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Copywriting Heresy: “I” can be a more powerful and effective word than “you.”

Originally published on LinkedIn December 13, 2015

Years have passed since the high-tech entrepreneur showed me a letter he wrote. My copy of it has long since gone to the recycling bin, but it had quite an impact on my career. Best I remember, the structure was something like this:

Dear Personalized:
     When I was a Name Department head, I was frustrated by my inability to get XYZ Routine done. • I thought about it and came up with Routine Mate. • Routine Mate comes with a 2400 ABC feature, a 52-inch DEF, and a 25-pound GHI in a 3-ton JKL. • Routine Mate costs $(price of subscription) and new customers get (offer). • In the middle of the night, the 2400 ABC triggers the DEF and moves your XYZs under the GHI in the JKL. • Call for more information. • See how Routine Mate (here’s the value prop) automates and completes XYZ Routine without interrupting workflow.

Let’s see, he doesn’t get to the value proposition until the last sentence. The price and offer pop up out of nowhere, buried in the middle. It comes after a list of features, not benefits. And what about all that I, I, I?

Still, this copywriter scratched his head.

The Personalized in the salutation is a Name Department head. The author of the letter feels their pain and worked on a solution. These department heads know what those features are and do. To spell out the benefits is to insult their intelligence.

If the price and offer are as good as I suspect they were, the author surprises them with high value, even before he shows them how the pieces work together. The value prop sums it up.

More important, the letter oozed with a sincerity not recreated above. Reading the letter, I came to like this client. I trusted him. I believed every word he said.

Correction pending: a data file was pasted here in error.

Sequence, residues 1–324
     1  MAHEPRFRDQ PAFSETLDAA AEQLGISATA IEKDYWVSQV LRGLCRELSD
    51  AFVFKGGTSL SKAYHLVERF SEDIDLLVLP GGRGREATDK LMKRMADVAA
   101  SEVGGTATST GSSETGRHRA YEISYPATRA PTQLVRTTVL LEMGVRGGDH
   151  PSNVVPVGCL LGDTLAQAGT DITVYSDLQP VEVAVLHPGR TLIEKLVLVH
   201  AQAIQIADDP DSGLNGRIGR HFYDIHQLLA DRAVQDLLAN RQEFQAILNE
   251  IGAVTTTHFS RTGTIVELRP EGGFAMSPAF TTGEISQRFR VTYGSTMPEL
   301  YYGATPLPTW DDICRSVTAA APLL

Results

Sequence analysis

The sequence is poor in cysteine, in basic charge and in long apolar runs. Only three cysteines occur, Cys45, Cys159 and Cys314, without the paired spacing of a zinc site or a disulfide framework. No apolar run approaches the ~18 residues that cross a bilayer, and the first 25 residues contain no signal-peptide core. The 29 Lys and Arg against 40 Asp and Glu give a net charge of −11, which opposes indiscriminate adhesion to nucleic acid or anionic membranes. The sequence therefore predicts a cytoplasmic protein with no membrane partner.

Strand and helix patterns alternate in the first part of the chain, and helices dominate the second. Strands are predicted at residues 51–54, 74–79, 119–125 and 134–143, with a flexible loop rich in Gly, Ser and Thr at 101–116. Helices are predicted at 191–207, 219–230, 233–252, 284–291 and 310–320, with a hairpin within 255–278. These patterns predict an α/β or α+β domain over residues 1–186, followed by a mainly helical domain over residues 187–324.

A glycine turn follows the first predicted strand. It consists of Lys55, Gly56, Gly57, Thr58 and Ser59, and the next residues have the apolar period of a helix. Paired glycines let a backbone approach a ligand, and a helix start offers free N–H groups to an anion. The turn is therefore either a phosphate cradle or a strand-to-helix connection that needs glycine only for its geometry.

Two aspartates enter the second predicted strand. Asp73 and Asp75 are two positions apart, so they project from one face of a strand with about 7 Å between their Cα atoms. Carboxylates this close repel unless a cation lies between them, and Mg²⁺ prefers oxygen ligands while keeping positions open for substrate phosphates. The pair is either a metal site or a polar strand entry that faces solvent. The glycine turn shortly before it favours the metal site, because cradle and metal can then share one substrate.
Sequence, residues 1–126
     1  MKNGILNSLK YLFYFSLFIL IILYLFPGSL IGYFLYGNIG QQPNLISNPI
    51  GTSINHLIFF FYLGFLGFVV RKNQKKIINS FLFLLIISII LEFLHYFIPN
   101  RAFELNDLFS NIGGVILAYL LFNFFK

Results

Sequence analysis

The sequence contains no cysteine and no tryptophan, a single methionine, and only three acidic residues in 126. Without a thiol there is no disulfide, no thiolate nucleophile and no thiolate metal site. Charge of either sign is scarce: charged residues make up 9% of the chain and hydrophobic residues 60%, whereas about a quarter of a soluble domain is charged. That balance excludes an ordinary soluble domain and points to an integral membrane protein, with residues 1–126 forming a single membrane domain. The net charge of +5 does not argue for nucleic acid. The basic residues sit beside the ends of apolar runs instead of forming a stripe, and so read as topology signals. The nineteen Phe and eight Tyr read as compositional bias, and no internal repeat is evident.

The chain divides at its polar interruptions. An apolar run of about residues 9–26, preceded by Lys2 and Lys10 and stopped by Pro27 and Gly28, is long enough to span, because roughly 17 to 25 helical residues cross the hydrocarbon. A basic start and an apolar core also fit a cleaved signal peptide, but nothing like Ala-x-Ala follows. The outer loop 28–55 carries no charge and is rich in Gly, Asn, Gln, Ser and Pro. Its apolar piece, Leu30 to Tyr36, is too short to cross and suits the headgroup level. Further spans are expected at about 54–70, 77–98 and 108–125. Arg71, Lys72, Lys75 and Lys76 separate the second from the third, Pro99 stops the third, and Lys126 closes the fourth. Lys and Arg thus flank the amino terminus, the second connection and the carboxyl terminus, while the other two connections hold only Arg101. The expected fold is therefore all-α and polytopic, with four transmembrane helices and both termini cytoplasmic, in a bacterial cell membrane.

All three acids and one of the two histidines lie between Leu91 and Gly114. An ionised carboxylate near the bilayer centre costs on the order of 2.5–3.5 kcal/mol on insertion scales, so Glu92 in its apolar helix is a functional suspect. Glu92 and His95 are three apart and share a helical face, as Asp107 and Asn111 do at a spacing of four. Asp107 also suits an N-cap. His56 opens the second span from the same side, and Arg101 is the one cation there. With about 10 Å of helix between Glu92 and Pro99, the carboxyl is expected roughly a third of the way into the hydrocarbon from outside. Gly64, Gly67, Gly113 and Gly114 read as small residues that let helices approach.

A little more than a year after I saw that letter, I went to work in a direct marketing ad agency. We worked on big brands. We wrote letters. And I was fortunate enough to be in a group that encouraged experimentation.

I learned that I can establish rapport.

I can be genuine, even candid.

I can be modest and self effacing.

Or I can be earnest and forthright.

I can make you laugh.

Or cry.

I can personify all the values in that tome of a guidelines book creative people have to work from. In fact, you may hate the big-bad, Dow-30 company that I work for. Yet Imight be able to get you to like and care about meYou might like what I do for youinside this company.

In short, I can build your brand even as I convince you to engage or spend money.

None of this is to say that a copywriter should overdo it. There has to be something in it for you. And that something has to come through loud and clear.

In retrospect, there were probably a lot of ways we could have improved that Routine Mate letter. We could have moved points around, fixed awkward phrasing and killed redundancies. It definitely could have been shorter.

Not having the letter in front of me now, I don’t know if these efforts would have made the letter stronger. Or just slicker. More copywriter-ish.

We never heard from Routine Mate again and from what I’ve learned about its niche since, I doubt the service succeeded. (Contact me privately if you’re curious about what it was.)

Still, I remember that letter.

We’ve all had know-it-all clients who write their own copy and make us throw up our hands in disgust.

This time, I threw them up in humility.

Why bad advertising is harder to write than good.

Big Google and Me